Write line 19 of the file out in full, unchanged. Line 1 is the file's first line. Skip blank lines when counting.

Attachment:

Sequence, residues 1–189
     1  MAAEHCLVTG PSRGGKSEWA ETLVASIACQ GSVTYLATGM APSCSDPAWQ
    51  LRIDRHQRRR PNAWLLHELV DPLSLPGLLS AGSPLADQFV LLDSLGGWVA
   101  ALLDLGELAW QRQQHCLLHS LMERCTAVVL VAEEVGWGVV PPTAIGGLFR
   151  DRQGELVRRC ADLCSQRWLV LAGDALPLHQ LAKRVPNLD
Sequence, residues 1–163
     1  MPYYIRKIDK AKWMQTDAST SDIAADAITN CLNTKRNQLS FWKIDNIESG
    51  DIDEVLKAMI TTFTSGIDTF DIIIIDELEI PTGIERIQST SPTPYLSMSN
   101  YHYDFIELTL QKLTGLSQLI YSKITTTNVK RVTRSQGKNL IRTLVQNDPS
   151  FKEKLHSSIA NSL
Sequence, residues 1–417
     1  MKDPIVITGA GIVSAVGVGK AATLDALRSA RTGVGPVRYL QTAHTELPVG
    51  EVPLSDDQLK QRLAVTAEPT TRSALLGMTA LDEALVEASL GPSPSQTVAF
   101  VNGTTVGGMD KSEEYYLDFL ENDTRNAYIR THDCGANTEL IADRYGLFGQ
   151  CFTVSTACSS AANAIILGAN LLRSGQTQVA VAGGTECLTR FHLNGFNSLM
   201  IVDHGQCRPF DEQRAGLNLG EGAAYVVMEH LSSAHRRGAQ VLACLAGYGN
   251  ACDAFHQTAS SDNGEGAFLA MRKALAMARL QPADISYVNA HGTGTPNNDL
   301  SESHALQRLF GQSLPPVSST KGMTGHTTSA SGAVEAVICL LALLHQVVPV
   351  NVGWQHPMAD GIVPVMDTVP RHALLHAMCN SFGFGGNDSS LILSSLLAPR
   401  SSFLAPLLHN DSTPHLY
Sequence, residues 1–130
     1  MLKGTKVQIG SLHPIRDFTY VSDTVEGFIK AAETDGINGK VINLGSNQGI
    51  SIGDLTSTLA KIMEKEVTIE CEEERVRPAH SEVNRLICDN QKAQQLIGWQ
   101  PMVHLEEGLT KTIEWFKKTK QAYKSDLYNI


   351  NVGWQHPMAD GIVPVMDTVP RHALLHAMCN SFGFGGNDSS LILSSLLAPR